Kim Jong-nam death: North Korea asks for return of body
Kim Jong-nam is thought to have been poisoned as he waited to board a flight in the capital Kuala Lumpur on Monday.
Local authorities are carrying out an autopsy to establish the exact cause of Mr Kim's death, but Pyongyang has reportedly objected.
Police have arrested one woman in connection with the death, but are still looking for other suspects.
According to reports, North Korea sent a number of representatives to the hospital where the autopsy was being conducted on Wednesday to ask for the return of the body.
Malaysia has yet to formally confirm that the dead man, who was travelling under the name Kim Chol, is Kim Jong-nam.
Malaysia has not bowed to the North Korean demands. One source told Reuters: "Malaysia said it won't be pressured into anything... we will stick to procedures."Image copyrightREX/SHUTTERSTOCKImage caption
Malaysian authorities also announced the arrest of Doan Thi Huong, 28.
Police said the arrested suspect, who was alone and in possession of a Vietnamese travel document, was identified from CCTV footage taken at the airport.
South Korean media have widely reported that two women, said to be North Korean agents, were involved and fled the airport in a taxi, though Malaysian police have not confirmed those details.
A grainy image broadcast in South Korea and Malaysia shows a woman wearing a white T-shirt with the letters "LOL" written on the front.
Earlier, Malaysia state news agency Bernama reported that a woman from Myanmar was detained at the airport. It is unclear if that report was referring to the woman now under arrest.
The government of South Korea has said it is certain it is him, with its spy agency is said to have told lawmakers they believe Mr Kim was poisoned.
Kim Jong-nam was attacked on Monday morning while waiting at the budget terminal of Kuala Lumpur International Airport for a 10:00 flight to Macau, Malaysian newspaper reports say, quoting police.
Exactly how the attack unfolded is still unclear. Officials and witnesses have variously said he was splashed with a chemical or had a cloth placed over his face. Earlier reports spoke of a "spray" being used or a needle.
He died on the way to hospital.
Who was he?
It was not the first time Mr Kim had travelled under an assumed identity: he was caught trying to enter Japan using a false passport in 2001. He told officials he had been planning to visit Tokyo Disneyland.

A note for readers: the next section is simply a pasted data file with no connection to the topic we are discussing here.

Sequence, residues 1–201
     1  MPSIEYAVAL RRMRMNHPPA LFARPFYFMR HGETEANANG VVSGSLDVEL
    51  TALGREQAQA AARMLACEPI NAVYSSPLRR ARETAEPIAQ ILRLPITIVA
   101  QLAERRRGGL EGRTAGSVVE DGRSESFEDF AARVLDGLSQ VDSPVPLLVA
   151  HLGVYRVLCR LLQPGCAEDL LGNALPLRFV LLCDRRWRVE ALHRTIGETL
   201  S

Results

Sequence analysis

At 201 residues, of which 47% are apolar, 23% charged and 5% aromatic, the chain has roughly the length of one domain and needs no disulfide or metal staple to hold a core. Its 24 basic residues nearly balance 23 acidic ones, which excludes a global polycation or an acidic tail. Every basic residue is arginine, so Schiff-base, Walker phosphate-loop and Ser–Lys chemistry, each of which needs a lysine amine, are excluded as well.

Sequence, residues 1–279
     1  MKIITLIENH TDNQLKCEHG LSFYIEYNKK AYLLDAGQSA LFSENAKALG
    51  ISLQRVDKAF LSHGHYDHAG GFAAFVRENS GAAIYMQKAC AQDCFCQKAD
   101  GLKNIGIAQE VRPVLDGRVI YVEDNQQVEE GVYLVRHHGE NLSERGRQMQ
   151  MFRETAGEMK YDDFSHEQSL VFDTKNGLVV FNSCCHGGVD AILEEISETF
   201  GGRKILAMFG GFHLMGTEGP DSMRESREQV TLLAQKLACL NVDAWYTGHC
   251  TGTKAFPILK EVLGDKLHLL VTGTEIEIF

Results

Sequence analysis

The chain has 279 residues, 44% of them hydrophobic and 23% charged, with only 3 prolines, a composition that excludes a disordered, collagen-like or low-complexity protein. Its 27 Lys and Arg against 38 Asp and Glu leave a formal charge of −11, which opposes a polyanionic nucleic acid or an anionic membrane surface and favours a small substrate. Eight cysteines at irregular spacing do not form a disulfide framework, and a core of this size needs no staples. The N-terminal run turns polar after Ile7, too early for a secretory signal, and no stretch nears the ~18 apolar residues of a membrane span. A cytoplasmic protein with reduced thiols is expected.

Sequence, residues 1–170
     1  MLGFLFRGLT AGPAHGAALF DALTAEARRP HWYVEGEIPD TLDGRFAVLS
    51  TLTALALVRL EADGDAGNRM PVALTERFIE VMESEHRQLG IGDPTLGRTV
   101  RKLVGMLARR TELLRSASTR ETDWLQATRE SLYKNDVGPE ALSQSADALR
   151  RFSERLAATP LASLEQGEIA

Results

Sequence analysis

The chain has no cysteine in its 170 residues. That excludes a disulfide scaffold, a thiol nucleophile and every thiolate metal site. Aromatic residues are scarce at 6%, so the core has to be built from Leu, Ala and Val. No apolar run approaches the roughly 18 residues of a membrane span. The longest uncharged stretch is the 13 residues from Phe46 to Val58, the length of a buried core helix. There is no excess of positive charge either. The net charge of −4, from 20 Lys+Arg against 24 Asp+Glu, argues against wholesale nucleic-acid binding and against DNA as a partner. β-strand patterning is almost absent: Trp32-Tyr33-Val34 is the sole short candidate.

The Tokyo incident is thought by some analysts to have spoilt Kim Jong-nam's chances of succeeding his father, Kim Jong-il, who died in 2011.
Bypassed in favour of his youngest half-brother for succession, Kim Jong-nam kept a low profile, spending most of his time overseas in Macau, mainland China and Singapore.
He later spoke out against his family's dynastic control of North Korea and in a 2012 book was quoted as saying he believed his younger half-brother lacked leadership qualities.
But he had said he was not interested in assuming the leadership himself.
Was this an assassination?
Unnamed US government sources have said they believe he was poisoned by North Korean agents.
South Korean spy chief Lee Byung-ho told South Korean MPs that Pyongyang had wanted to kill Kim Jong-nam for several years, but that he was being protected by China.
But some analysts question what motive Kim Jong-un would have to kill his estranged half-brother, given the risk of the operation and possibilities for embarrassment, and the fact that he was not seen as a threat to Mr Kim's leadership.
Still, Mr Kim was reportedly targeted for assassination in the past. A North Korean spy jailed by South Korea in 2012 is said to have admitted trying to organise a hit-and-run accident targeting him.
The secretive state has a long history of sending agents overseas to carry out assassinations, attacks and kidnappings.
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